Willie and Joe: The WWII Years by Bill Mauldin (2011)
It's impossible for me to praise this book too much.
Willie and Joe are the war-weary army everymen who slog their way through World War II with humor and pathos in Bill Mauldin's cartoons in Stars and Stripes and other publications. These are the guys -- muddy, unwashed, unshaved -- who put up with sore feet, poor food, bureaucracy, cold nights, and constant danger, yet are able to take a laconic look at themselves and the war while remaining emphatic to its many victims. These are the guys who dream of home, hot baths, soft beds, never forgetting the families they left back home.
Willie and Joe contains all the known cartoons Mauldin did from 1940 through 1945, beginning with work published in Arizona and Oklahoma newspapers. Back then the main character was a Choctaw indian named Joe Bearfoot, representing some of the native Americans Mauldin met while serving with the Oklahoma 45th. As Mauldin's talent grew and matured, so did his characters, who imbibed Mauldin's strong eye for character and detail. The book runs to some 700 pages, with well over 650 pages containing cartoons. In addition there's a remarkable biography of Mauldin, explanatory notes, and preliminary drawings. A virtual treasure trove.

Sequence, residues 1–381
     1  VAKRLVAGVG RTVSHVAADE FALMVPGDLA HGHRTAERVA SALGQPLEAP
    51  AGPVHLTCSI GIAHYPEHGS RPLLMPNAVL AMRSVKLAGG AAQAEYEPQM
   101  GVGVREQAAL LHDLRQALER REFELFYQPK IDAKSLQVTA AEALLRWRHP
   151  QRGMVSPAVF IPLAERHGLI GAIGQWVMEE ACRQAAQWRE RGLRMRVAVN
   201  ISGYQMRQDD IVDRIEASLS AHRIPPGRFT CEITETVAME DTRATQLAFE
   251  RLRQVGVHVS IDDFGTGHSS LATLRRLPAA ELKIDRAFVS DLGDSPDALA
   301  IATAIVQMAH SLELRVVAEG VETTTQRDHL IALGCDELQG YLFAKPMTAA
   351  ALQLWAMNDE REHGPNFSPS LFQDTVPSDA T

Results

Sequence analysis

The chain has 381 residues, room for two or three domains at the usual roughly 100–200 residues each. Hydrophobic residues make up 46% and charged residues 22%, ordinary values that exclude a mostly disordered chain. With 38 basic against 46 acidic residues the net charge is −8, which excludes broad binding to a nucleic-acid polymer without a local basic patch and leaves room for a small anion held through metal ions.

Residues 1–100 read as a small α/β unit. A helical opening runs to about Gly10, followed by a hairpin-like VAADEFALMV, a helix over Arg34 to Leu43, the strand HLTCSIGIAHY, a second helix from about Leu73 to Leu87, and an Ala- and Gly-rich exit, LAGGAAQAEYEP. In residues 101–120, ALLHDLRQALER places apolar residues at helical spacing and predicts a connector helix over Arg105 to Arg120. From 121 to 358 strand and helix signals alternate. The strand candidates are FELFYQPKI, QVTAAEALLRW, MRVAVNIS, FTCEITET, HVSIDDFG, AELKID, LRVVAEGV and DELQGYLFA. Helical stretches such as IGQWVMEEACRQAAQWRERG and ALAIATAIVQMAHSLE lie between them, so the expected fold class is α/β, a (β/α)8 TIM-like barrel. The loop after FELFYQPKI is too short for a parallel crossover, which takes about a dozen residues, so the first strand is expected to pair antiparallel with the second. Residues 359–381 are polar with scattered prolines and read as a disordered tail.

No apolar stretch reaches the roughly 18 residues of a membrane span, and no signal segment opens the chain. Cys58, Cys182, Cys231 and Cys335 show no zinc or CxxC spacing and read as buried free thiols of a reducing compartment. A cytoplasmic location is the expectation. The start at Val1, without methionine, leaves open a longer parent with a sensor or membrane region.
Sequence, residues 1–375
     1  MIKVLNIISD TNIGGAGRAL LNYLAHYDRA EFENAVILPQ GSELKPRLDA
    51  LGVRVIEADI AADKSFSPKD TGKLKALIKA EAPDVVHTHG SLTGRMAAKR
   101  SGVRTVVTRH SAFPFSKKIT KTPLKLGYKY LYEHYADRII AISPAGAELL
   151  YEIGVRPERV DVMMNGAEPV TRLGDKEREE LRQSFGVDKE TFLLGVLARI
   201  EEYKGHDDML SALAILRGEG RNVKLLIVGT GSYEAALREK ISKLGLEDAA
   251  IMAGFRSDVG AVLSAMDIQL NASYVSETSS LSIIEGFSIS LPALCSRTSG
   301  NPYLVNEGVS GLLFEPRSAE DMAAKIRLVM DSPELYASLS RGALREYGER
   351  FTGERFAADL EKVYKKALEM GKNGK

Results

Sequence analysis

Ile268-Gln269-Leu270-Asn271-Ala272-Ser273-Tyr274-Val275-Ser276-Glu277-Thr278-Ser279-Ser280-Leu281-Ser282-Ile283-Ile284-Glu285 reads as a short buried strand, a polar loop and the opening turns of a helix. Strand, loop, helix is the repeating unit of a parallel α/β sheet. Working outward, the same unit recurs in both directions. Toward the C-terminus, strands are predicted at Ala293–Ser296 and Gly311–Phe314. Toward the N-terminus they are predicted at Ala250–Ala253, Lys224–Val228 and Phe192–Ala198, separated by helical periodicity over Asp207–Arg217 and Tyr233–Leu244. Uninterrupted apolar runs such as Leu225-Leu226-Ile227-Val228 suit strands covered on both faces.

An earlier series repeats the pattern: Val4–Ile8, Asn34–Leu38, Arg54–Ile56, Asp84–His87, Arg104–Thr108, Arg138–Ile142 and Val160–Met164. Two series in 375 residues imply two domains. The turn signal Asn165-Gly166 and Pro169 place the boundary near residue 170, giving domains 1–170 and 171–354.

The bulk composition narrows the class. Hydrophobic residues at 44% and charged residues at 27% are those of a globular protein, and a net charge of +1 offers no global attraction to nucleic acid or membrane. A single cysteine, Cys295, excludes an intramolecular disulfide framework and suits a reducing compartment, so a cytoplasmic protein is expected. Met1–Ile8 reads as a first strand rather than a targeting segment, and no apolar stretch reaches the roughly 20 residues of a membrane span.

Between Mauldin and journalist Ernie Pyle (and Mauldin's cartoon saluting Pyle's death will break your heart), American got to see war in a personal way that they had never done before. Willie and Joe represent the men who have been called "The Greatest Generation." This is a book that shows you why.